Why Use Hardwoods?
Click on the link for some very convincing reasons why.
Floorcare & Maintenance
Keep your hardwood floors in top condition with these tips.
What To Expect
What to expect before, during & after your hardwood installation.
Important Considerations
Steps to take in preparing for your hardwood refinishing.
How Hard is Hardwood?
See how your hardwood choice measures up on the Janka scale.
The History of Hardwoods
An explanation of hardwood use throughout history.
Hardwood Species
Images of popular hardwood floor species.
The Character of Wood
Some defining characteristics that set hardwood apart.
Grades of Hardwood
A different grade for any floor application: home or business.
Making The Decision
Key factors to account for in your decision to have a wood floor.
Conservation Information
Information on preserving our hardwoods for the future.
More American Hardwood Now Than 50 Years Ago
American Hardwoods: Renewing, Abundant and Sustainable
American hardwoods have entered their fourth century of providing beauty and authenticity, warmth and integrity, lasting aesthetic and functional value to interiors. For floors, furniture, moldings, millwork, cabinetry and built-ins, they are quintessentially green materials in abundant and self-renewing supply.

American hardwoods are sustainable solutions for eco-effective design and building:

  • Harvesting levels are far below the levels of growth: Nearly twice as much hardwood grows each year as is harvested in the U.S. For this reason, the volume of hardwoods in American forests today is 90% larger than it was 50 years ago.
  • Hardwood foresters follow professional best practices that mirror natural forces. Individual trees are selected for harvest, encouraging forests to renew and regenerate themselves naturally.
  • In addition to providing wildlife habitat and filtering the water supply, trees produce oxygen, remove carbon dioxide and store carbon, reducing greenhouse gases in the atmosphere.
  • Virtually every part of the log is used as lumber or by-products, and finished products are re-useable, recyclable and biodegradable.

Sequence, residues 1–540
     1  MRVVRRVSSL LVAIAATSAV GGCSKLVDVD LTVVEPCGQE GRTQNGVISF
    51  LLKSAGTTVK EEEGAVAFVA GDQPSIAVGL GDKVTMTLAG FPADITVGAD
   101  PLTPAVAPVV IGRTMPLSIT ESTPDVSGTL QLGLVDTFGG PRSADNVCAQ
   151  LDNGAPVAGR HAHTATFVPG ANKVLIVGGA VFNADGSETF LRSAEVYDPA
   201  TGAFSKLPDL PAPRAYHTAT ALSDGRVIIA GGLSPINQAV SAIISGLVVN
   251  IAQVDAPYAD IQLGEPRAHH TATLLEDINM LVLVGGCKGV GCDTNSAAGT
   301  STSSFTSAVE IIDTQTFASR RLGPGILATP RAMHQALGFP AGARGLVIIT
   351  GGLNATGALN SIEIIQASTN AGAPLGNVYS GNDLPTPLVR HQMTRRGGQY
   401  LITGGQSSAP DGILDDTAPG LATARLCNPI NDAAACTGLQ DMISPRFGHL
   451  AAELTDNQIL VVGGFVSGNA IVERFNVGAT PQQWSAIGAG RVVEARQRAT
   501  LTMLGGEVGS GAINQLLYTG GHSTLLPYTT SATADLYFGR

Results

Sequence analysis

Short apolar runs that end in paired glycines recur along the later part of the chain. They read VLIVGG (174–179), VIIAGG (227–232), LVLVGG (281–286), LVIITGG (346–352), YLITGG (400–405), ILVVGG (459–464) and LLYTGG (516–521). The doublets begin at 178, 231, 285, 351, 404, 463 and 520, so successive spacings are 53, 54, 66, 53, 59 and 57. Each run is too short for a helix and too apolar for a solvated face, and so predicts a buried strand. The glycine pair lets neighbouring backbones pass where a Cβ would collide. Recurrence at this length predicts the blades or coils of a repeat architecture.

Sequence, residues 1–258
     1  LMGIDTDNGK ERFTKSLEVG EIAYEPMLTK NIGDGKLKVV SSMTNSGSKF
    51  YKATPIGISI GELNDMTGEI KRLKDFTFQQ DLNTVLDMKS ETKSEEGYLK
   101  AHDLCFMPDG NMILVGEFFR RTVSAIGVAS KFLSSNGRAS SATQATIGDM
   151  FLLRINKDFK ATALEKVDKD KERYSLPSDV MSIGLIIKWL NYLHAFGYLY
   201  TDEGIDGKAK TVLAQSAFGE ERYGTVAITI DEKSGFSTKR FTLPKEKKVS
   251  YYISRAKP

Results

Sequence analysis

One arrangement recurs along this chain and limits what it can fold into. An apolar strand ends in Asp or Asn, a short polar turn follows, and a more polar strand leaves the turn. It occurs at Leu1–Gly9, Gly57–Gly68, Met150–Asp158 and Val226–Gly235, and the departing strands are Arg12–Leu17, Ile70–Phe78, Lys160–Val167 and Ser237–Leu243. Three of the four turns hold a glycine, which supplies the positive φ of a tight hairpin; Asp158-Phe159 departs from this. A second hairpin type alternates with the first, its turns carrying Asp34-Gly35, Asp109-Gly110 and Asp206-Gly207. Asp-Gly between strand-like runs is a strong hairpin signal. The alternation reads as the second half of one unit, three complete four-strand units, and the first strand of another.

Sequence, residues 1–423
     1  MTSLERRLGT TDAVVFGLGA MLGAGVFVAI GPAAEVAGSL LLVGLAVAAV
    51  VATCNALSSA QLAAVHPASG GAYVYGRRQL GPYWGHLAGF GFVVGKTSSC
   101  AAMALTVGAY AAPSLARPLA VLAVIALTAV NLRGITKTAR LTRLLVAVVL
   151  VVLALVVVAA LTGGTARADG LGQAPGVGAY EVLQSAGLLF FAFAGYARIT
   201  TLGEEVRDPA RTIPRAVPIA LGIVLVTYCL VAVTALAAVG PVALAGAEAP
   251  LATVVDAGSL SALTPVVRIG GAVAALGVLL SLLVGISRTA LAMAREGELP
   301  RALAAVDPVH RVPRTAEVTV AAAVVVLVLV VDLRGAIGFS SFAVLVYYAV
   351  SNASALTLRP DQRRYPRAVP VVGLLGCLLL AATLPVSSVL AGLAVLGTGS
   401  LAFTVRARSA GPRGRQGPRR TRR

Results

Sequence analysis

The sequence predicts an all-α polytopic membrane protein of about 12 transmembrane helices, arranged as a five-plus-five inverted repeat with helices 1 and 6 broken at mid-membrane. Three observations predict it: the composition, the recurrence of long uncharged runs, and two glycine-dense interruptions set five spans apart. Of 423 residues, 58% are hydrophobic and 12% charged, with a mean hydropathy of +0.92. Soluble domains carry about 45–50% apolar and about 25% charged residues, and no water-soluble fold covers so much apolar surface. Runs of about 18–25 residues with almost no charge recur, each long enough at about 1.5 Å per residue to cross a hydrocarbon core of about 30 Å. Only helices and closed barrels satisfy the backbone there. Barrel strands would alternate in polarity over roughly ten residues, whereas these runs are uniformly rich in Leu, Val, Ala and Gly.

All hardwood forests within the continental United States are temperate–not tropical. They are home to the oaks, maples, cherry, ash, poplar and scores of other broad-leafed deciduous species, many of which grow nowhere else in the world. The term "hardwood" has no reference to the wood's actual hardness, which differs by species. Most hardwood forestland is located in the eastern half of the United States as shown here.
Unlike the area blanketed by the evergreen conifers (softwoods), most hardwood forestland is in the eastern half of the country. Hardwood forests cover 279 million acres: the equivalent of hardwood trees covering every square inch of New York, Pennsylvania, Ohio, Illinois, Indiana, West Virginia, Virginia, North Carolina, South Carolina and Georgia. This resource is neither scarce nor finite.
  "Sustainability" is meeting today's needs, without compromising the ability of future generations to meet their needs. With hardwood growth well exceeding removal, the U.S. supply of hardwoods for flooring, furniture, cabinetry and millwork is, by definition, sustainable now and for future generations.
Just as important, hardwoods are green design choices with the intrinsic beauty and versatility: lacking recycled cartons, glued-up grass stalks and compressed grain husks.